This book goes to the heart of academic, political and popular debates, as well as professional concerns, about the nature of contemporary family life and parenting. Families are widely discussed in western societies as breaking down or as radically changing, with step-families in particular seen as evidence of such trends. In one of the first British in-depth sociological research studies for over two decades, this book provide evidence of parents' and step-parents' own understandings and experiences of their parenting in step-families.
It addresses questions such as: What does it mean to be a family? Do people in step-families see themselves as making a different kind of family? Is individual happiness in a couple relationship prioritised at the expense of responsibilities towards children? Can a step-parent ever be regarded as the same as a biological mother or father? What do people in step-families do to try to make step-family life work?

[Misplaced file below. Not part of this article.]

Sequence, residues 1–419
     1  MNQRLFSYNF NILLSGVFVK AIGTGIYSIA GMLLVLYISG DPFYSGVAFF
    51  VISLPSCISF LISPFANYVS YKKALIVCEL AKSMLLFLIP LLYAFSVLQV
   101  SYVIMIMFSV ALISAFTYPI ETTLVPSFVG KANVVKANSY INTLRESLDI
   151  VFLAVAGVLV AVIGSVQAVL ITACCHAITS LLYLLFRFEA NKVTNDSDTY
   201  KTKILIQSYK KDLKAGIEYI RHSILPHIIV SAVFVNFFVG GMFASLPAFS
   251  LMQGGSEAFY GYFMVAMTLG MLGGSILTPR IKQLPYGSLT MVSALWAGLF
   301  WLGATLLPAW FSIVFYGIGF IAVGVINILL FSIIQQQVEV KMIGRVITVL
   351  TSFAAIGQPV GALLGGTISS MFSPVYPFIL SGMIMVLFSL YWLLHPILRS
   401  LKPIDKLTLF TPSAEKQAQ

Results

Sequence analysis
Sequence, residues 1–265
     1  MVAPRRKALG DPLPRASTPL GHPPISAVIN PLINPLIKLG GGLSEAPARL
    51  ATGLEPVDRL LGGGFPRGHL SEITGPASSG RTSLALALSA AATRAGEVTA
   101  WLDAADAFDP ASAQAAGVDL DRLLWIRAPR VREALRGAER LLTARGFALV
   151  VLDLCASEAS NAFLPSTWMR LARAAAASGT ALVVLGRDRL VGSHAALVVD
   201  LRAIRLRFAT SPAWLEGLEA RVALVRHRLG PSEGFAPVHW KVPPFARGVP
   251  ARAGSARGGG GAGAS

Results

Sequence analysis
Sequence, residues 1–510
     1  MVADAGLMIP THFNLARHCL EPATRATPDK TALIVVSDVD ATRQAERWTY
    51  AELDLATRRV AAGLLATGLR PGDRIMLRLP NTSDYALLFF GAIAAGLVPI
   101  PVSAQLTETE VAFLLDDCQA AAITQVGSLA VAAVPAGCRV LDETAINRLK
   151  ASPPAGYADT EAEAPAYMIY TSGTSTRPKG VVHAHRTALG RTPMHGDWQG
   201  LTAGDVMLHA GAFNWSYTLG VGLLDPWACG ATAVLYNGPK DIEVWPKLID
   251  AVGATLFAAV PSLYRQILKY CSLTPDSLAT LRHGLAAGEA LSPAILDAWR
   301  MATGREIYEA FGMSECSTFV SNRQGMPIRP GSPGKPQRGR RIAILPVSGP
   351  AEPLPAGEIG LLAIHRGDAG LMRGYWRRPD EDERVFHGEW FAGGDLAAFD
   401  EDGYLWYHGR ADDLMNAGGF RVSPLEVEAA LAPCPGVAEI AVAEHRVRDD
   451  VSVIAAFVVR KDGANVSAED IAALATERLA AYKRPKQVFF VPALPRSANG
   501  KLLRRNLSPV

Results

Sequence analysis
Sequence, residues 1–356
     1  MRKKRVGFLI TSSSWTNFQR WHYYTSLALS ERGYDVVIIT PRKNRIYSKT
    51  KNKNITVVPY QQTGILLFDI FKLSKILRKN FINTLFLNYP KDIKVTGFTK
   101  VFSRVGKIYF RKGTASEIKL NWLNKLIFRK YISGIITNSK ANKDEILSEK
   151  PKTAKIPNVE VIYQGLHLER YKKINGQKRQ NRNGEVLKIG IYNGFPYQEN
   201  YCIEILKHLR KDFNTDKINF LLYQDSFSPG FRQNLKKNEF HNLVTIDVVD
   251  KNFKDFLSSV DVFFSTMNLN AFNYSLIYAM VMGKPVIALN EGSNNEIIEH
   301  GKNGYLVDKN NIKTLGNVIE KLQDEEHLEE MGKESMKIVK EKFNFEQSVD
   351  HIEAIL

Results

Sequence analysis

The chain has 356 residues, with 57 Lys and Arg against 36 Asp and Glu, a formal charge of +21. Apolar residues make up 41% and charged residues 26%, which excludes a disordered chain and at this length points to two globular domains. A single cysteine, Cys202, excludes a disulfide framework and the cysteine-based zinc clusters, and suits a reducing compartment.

The book looks at how people create, understand and experience their parenting and family lives. It reveals how these understandings are rooted in a strong sense of moral responsibility, but that what such responsibility constitutes varies according to gender and social class. In particular, it draws out key theoretical implications for understanding the nature of morality, fairness and justice, and questions ideas about individualisation and the democratisation of family life.
This book will be essential reading for those concerned with the study of contemporary family lives, including sociologists, social policy analysts, family therapists, professionals and practitioners. It is also relevant to those interested in contemporary morality and everyday experiences.